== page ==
riyada in arabic means "training" or "discipline". It was used by the arabs in relation to horse taming. Sufis refer to their discipline as "riyadat an-nafs": disciplining the soul / training the ego. Today, the word riyada has come to mean "sports". There is an Arabic proverb that says: "The purpose of sports (riyada) is not to win cups, but to discipline the soul". This blog is here to help me discipline my soul and train my body.

Sunday, March 18, 2007

Safiyy al-Din al-Qushashi

We have been tracing the roots of the Tariqa Muhammadiyya movements of the 19th century in history, from the time of the Messenger of Allah (pbuh), and have arrived at Abd al-Wahhab al-Sha'rani/al-Sha'rawi (d. 1565). As we said before, our next stop was Ahmad Muhammad al-Dajani, who had taken many Sufi paths through the line of Sha'rani, there being only two people between them. But since one of the main features of the Tariqa Muhammadiyya is waking vision of the Prophet (pbuh), we will start our story a little earlier.

At around the beginning of the 16th century, a Sufi shaykh by the name of Ahmad left the Jerusalem suburb of al-Dajaniya (later known al-Jaaniya) and moved to Jerusalem, after which he received the appelation al-Dajani, which would henceforth become the surname of his descendants. This Ahmad al-Dajani was considered to be the "Pole of the Gnostics" and the "Paragon of the Mystics" of his time, and was known as Shihabuddin. Shihabuddin Ahmad would receive instruction from the Circassian shaykh Muhammad Ibn Arraq of Damscus, as well as Ibn Arraq's own shaykh Ali ibn Maymun. These two were Hanbali sufis who revived and propogated the thought of Ibn Arabi in Syria and Turkey in the sixteenth century, and as the greatest defenders of Ibn Arabi in their time, we will see some parallels between them and between al-Qushashi and Ibn Idris. Furthermore, Ibn Maymun's tariqa, the Khawatiriyya (aka the Arraqiyya), would be one of the Sufi paths that al-Sanusi took and considered to be very important and discussed in his book al-Salsabeel al-Muin. Thus we see many connections already to the later Tariqa Muhammadiyya figures.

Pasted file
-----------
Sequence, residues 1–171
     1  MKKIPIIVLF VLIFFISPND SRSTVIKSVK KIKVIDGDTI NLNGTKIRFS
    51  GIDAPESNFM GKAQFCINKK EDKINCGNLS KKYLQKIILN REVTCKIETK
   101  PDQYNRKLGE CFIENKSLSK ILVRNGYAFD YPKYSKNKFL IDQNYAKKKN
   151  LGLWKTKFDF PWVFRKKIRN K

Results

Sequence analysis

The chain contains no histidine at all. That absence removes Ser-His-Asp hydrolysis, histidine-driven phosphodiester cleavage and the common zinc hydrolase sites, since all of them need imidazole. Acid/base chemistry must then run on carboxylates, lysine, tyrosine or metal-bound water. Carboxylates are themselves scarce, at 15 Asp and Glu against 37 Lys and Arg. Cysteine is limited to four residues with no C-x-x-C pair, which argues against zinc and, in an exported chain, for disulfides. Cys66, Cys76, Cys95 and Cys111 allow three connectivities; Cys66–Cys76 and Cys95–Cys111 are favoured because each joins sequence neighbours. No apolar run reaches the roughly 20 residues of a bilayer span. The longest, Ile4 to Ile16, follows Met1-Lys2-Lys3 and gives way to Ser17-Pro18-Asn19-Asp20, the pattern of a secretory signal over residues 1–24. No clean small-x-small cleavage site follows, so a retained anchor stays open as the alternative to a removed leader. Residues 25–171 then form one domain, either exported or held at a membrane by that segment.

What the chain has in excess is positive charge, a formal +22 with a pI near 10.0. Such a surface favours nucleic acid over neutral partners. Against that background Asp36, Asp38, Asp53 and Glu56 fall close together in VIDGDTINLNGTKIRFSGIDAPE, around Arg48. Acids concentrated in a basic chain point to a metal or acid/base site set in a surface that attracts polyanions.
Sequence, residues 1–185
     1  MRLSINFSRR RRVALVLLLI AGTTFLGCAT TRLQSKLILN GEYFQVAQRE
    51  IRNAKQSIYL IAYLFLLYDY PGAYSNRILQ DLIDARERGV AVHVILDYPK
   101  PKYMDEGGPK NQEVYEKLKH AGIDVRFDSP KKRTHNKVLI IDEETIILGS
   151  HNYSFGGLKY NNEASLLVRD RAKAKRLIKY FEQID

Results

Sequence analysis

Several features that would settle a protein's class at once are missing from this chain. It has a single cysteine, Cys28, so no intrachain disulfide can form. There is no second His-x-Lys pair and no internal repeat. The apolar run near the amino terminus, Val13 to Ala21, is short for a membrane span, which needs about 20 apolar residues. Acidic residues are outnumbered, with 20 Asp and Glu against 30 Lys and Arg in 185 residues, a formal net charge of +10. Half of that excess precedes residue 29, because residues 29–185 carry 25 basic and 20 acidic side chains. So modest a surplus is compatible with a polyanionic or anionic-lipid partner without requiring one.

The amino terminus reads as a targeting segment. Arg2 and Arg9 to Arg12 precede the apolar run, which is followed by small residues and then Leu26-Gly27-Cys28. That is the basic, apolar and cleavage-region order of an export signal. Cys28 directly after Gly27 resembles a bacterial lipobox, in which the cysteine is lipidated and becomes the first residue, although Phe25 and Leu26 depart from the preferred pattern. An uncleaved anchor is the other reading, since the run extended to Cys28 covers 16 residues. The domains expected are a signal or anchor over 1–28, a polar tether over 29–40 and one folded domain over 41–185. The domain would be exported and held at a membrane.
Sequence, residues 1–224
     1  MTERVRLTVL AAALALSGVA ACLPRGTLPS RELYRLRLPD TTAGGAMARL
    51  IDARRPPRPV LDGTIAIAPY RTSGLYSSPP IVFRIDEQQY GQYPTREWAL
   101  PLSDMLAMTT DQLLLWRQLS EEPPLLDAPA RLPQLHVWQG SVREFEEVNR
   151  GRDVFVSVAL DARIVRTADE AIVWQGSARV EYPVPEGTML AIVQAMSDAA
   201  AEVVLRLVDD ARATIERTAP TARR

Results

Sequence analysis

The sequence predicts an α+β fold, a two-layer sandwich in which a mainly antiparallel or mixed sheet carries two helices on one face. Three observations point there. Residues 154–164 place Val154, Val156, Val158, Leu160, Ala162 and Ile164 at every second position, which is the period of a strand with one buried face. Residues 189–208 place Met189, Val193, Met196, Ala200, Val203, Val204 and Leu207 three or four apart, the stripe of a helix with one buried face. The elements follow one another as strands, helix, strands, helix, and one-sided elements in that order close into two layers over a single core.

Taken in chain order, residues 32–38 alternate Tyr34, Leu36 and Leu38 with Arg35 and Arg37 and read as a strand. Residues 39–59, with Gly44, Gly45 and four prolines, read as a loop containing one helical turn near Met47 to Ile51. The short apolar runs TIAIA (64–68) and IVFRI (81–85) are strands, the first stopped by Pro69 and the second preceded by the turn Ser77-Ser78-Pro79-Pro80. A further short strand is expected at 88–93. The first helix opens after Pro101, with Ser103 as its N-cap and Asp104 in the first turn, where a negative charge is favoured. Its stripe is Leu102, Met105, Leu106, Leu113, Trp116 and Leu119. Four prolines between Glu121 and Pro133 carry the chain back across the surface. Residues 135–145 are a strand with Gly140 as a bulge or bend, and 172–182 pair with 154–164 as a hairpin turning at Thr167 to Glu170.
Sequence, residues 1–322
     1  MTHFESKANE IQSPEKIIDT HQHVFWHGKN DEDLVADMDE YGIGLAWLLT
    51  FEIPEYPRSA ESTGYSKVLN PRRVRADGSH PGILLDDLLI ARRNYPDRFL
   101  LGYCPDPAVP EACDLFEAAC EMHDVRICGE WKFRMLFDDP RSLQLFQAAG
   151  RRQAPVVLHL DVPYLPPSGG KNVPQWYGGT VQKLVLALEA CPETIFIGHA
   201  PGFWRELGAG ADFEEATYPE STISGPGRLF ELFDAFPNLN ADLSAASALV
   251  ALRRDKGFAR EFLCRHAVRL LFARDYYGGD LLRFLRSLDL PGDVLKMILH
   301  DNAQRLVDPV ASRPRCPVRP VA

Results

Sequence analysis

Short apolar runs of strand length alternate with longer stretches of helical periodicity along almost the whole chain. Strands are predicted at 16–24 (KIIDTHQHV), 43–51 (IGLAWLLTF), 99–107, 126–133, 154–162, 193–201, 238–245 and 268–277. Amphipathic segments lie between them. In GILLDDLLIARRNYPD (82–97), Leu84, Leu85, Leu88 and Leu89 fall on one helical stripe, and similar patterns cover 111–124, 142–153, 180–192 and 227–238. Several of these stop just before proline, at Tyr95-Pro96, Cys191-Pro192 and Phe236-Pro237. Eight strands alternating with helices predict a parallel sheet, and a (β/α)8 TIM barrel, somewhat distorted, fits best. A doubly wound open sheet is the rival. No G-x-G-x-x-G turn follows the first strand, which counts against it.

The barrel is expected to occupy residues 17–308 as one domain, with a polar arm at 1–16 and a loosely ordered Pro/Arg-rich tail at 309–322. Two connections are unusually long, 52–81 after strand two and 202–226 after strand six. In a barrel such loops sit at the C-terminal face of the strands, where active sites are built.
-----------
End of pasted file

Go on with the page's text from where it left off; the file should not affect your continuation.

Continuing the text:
Now Shihabuddin Ahmad al-Dajani saw in a waking vision the spirit of God's Messenger David, who said to him, "Save me oh Ahmad, for my rescue will be at your hands." What God's Messenger, peace be upon him, meant by that is that his tomb at Mt. Zion was in the hand of Christian monks. So Ahmad al-Dajani worked hard toward getting control of David's Tomb[1]. As we know from Ottoman court records, the Ottoman sultan Sulayman the Magnificent expelled all the Christians from Mt Zion in the mid-16th century and gave Mt. Zion as a waqf (religious endownment) to shaykh Ahmad al-Dajani and his followers and descendants, and put the Tomb of David under his care[2].

Another important famous vision that happened to Shihabuddin was when he was in his khalwa and the Messenger of God, Muhammad (pbuh), appeared to him in the waking state and told him to learn Arabic grammar, giving him some basics. Later, Shihabuddin would become an expert in the subject.